An epic war drama which ran just over three hours in length, and features the infamous Russian Roulette scenes, The Deer Hunter went over budget and over schedule and involved a face-off between Cimino and executives at Universal Pictures who were shocked at the film’s content and its oft-times pedestrian pacing. Cimino however eventually prevailed and had the film released as he wanted it. The resulting commercial success and five Academy Awards perched him on a height as the most sought after talent in Hollywood at the time, but this in so many ways proved to be his undoing. With Heaven’s Gate, Cimino simply got too much of his own way and artistic control, and there is a very real sense in Stephen Bach’s Final Cut that there never was a strong enough voice or authority figure at United Artists who was able to bring the overnight wunderkind down to earth. In one particular and very telling instance Bach relates how he and other heads at UA first viewed Cimino’s intended cut of Gate. The slightly nervous director met them inside the screening room and acknowledged that the final cut might be some 15 minutes shorter once he’d tinkered some more with it. The cut he showed them that day ran to five hours and twenty-five minutes in total. Unsurprisingly, Cimino was ordered to cut more than the 15 minutes he’d suggested. Much toing-and-froing ensued to put it mildly. But a disaster loomed and could not be avoided. Writing in the New York Times, the eminent film critic Vincent Canby famously declared that “Heaven’s Gate fails so completely you might suspect Mr. Cimino sold his soul to the Devil to obtain the success of The Deer Hunter, and the Devil has just come around to collect. The grandeur of vision of the Vietnam film has turned pretentious. The feeling for character has vanished and Mr. Cimino’s approach to his subject is so predictable that watching the film is like a forced four-hour walking tour of one’s own living room.” Talk about harsh!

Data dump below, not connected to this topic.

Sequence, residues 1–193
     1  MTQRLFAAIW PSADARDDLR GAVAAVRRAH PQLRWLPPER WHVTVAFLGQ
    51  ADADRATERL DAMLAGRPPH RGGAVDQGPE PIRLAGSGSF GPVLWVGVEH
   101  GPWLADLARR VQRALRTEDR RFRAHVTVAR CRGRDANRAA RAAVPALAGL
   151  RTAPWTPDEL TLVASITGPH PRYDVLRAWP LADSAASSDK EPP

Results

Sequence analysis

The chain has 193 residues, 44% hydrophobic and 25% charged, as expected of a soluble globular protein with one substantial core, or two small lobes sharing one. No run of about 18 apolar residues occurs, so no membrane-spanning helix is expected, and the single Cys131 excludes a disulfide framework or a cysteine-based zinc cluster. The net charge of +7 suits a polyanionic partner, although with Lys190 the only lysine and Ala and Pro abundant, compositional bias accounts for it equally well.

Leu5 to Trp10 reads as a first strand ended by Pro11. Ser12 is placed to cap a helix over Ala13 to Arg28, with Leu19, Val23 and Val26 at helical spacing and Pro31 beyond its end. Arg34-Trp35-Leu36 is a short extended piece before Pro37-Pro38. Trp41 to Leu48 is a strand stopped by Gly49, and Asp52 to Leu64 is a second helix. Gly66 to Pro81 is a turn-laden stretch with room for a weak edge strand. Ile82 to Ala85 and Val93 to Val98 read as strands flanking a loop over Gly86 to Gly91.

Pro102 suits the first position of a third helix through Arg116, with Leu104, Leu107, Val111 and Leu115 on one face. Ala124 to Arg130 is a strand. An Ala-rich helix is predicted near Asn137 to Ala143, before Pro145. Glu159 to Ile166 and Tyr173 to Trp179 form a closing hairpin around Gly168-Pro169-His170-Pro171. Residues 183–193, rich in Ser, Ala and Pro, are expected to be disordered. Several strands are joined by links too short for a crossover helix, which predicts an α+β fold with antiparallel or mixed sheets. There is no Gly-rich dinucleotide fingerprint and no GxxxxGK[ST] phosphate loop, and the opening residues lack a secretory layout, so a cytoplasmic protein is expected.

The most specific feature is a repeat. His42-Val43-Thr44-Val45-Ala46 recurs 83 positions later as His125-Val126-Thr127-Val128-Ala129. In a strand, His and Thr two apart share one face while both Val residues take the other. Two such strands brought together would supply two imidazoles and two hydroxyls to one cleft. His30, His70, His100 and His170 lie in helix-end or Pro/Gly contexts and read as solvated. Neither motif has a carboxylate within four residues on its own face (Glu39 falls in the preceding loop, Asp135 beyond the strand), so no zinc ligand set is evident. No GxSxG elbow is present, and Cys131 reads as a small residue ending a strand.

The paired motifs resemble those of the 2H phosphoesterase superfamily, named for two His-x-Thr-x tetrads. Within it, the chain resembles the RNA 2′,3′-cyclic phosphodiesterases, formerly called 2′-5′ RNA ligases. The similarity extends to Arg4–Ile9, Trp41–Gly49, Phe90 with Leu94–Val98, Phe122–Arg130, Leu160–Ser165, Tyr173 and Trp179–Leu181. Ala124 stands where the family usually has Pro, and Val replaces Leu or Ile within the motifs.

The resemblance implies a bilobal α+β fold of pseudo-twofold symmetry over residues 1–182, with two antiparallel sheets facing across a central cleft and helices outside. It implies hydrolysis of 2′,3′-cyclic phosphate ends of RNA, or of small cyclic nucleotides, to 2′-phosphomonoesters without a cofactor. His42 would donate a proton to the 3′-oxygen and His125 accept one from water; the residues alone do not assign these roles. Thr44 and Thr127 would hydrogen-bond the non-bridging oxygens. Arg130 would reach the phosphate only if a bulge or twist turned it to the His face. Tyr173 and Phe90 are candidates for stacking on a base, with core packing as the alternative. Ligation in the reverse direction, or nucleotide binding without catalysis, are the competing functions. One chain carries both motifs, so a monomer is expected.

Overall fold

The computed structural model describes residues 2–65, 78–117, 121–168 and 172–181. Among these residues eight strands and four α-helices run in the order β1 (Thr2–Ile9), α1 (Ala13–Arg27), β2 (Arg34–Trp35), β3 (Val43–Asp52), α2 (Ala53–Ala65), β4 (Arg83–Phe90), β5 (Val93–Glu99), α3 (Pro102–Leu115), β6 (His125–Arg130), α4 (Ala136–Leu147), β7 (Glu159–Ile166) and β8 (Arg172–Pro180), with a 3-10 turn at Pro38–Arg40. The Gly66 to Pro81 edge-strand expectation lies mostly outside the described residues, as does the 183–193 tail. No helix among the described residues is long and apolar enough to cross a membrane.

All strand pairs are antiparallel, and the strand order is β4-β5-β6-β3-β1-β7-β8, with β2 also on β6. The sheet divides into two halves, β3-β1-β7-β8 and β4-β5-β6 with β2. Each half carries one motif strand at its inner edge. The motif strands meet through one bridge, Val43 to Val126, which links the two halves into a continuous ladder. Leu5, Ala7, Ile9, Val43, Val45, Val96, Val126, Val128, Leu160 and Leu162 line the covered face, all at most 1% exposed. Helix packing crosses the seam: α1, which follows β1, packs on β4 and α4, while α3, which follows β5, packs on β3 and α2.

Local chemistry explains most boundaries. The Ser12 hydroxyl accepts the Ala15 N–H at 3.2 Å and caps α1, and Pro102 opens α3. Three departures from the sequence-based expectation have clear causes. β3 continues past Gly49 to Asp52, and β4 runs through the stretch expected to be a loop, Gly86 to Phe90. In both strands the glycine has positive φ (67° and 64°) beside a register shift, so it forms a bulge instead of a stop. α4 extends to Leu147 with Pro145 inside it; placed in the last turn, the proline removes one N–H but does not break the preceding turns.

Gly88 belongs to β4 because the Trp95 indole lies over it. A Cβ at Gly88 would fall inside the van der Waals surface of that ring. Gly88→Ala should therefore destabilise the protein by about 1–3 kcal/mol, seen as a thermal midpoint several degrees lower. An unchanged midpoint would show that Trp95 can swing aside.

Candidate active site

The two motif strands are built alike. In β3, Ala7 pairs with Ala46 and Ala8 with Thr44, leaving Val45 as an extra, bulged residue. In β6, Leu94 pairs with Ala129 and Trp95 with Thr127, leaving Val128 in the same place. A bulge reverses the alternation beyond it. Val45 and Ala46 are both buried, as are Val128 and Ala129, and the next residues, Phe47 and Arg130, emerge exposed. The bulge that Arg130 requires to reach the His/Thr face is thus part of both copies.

In spite of later critical reappraisals and re-releases of Gate, Cimino’s career, in truth, never recovered. Memories were long in Hollywood and that same town which had raised him up on such an elevated pedestal did not give him a proper second chance to make amends. Cimino did not make another film until 1985 – the somewhat indifferent Year of the Dragon starring Mickey Rourke – and subsequent efforts such as The Sicilian and Desperate Hours remake did not sufficiently re-kindle the flame. The director flirted with a number of other projects such as Michael Collins and his long-hoped-for version of Ayn Rand’s The Fountainhead, but his directing career to all intents and purposes came to an end with 1996’s Sunchaser starring Woody Harrelson.
Cimino’s place in film history is assured, but no doubt he would have wished to have made an even greater mark and it’s more the pity that his career was so greatly damaged following the critical and commercial drubbing meted out to Heaven’s Gate. He had his critics from within and without the film community, but it’s worth noting that many of those who worked with him were generally positive in their assessments of this fiercely committed individual who was all for realising his visions whatever the price in terms of budgets and scales. The last reflection I again refer to Stephen Bach’s Final Cut. Although critical of Cimino himself for his excesses on set, Bach never once questions that the director was not motivated by anything less than the desire to make a truly great film in Heaven’s Gate. He strove for great art and that alone sets him apart from many other contemporaries of his time. Rest peacefully Mike.